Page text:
Care Instructions for Kokedama, Wabi-kusa and Terrariums

If you purchased an already made one from us then you can ignore the initial care section and skip to the others 

Initial Care for a display YOU made yourself

Because the stems do not have roots it is important to keep the humidity up whilst they are growing them. You can do this by putting your display in a see-through container OR putting a clear plastic or glass cup or bowl over it so light can get in but the leaves will not dry out. Even a glass bowl with GLAD® cling wrap will do. Air gaps are fine so don’t worry about making it air tight as you’ll find the moisture will still stick around and air getting in is beneficial anyway. Mist it daily with a sprayer but don’t let it sit in a puddle of water as that water will go stagnant.  Keep it in a relativity light area in the house like the kitchen for example where the lights from the ceiling can supply light to the plants as people tend to spend a lot of time in the kitchen with the lights on. Or, you can put it in a dark room with a desk lamp shinning on it that runs approximately 6-8 hours a day. LED bulbs are great as they don’t consume very much power. Remember artificial light from a desk lamp or the ceiling lights is fine for plants as they don’t necessarily need natural sunlight to grow.  Avoid direct sun rays for now as it can be too hot for vulnerable cuttings without roots and cause them to wither and wilt. Keep the plants enclosed for about 1 and a half weeks. When this time is up gently tug on the stems and you will notice they have roots now. Once the plants have “hardened off” and have grown their roots you can now allow them to be exposed to the open air and not worry about humidity anymore. Also, natural sun-rays are fine now that the plant has roots as it can handle the heat so a sunny windowsill is all good for placement. If you expose them to natural sunlight, make sure they are not enclosed in the humidity dome/area you made as this will heat up to insane temperatures due to the greenhouse effect.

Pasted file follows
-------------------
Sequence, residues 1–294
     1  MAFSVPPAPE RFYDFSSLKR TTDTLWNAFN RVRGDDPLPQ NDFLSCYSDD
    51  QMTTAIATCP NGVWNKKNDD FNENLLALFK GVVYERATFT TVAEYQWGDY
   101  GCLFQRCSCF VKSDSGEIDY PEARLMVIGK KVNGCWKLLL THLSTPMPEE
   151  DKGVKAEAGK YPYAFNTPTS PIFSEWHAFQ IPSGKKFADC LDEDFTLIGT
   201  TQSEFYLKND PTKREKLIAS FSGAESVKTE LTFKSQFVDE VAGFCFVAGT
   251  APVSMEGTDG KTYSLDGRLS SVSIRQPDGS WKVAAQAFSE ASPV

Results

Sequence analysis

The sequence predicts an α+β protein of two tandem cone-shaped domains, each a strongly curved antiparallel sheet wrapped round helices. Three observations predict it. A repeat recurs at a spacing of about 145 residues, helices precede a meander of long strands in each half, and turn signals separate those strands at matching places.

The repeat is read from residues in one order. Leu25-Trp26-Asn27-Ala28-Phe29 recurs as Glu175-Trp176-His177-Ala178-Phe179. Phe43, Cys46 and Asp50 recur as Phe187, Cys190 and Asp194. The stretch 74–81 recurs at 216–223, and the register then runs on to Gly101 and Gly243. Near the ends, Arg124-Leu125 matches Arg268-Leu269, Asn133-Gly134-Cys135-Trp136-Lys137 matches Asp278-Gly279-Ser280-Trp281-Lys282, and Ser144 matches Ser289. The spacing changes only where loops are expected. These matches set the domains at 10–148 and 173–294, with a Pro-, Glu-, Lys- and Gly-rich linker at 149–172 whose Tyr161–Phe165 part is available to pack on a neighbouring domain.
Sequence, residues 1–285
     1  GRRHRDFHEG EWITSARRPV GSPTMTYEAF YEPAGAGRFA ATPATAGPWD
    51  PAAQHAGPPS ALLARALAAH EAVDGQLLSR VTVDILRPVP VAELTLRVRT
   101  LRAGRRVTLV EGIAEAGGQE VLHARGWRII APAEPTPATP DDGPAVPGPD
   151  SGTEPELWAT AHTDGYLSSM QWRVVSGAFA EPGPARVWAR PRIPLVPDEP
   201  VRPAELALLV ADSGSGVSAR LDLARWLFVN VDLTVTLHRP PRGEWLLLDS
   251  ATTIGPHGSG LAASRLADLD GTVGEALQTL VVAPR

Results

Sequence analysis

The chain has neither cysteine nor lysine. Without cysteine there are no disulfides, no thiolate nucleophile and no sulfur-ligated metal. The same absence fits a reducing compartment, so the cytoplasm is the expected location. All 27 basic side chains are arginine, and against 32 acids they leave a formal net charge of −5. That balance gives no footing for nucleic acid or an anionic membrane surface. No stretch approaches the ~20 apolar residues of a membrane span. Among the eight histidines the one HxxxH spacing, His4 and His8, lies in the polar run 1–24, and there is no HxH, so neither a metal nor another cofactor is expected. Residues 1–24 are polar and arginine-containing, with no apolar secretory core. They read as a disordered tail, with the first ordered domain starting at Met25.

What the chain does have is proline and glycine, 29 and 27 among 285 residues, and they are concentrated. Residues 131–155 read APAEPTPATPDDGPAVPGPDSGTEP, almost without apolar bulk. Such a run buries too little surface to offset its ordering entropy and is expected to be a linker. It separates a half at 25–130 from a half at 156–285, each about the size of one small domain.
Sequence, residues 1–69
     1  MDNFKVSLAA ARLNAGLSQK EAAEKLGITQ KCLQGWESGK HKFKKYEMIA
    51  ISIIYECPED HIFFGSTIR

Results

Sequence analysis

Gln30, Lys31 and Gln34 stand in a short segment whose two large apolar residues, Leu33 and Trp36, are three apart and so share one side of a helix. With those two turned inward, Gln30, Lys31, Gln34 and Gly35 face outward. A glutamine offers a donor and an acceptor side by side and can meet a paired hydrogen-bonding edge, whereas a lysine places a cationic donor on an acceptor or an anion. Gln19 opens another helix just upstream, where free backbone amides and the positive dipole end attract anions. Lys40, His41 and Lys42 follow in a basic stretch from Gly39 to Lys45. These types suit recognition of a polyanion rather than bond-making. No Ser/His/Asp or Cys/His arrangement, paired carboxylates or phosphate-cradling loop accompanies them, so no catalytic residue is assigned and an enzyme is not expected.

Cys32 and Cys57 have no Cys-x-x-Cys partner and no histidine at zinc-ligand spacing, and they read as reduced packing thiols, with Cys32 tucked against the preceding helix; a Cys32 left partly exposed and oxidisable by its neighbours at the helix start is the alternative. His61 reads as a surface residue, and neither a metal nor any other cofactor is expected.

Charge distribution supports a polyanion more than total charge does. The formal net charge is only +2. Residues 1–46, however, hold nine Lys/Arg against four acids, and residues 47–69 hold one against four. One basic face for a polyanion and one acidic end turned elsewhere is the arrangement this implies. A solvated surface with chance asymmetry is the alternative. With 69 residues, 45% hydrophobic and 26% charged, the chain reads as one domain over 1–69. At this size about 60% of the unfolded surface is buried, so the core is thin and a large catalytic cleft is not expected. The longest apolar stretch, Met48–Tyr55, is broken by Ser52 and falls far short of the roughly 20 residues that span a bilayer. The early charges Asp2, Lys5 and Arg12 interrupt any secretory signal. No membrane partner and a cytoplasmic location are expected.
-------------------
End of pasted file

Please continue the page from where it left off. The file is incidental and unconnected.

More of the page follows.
What happens if I forget to water it for a very long time and it looks all withered?

Don’t throw it away!! Let it sit in a bucket of water for 3 hours, you will be amazed at how it perks up and comes back to life. New growth will eventually appear and take over the withered leaves so just be patient and let it do its thing. Until the plant has become fully established and settled in, it is vulnerable to wilt if it dries out too much. Once this faze is over it is smooth sailing. Please read below 🙂

Pruning

Remove any leaves that look destroyed or withered as this will encourage new healthy growth. When pruning, always prune above a leaf node (just above another set of leaves). You will find doing this will encourage new stems to form from that area. You only need to prune when you think it is starting to look overgrown or messy.

Fertilising

You don’t need to fertilise for a while, but eventually the nutrients will get exhausted in a few months. Once you see the plants looking faded or stunted, use ‘Dave’s Organic  Liquid Fertiliser’ combined with ‘Dave’s Organic Ciquid Compost’ (humic acid) both diluted according to bottle directions (available at aquaticplants.co.nz under the “fertiliser” section under the “Shop” tab. You can also use Seasol available from Bunnings, Mitre 10 and most nurseries, however this is slightly lacking in nitrogen unlike Dave’s Liquid Fertiliser which is a complete fertiliser, thus we prefer Dave’s. Still, Seasol is a good product as it is also organic and natural and is not harsh on plants like synthetic fertilisers can be.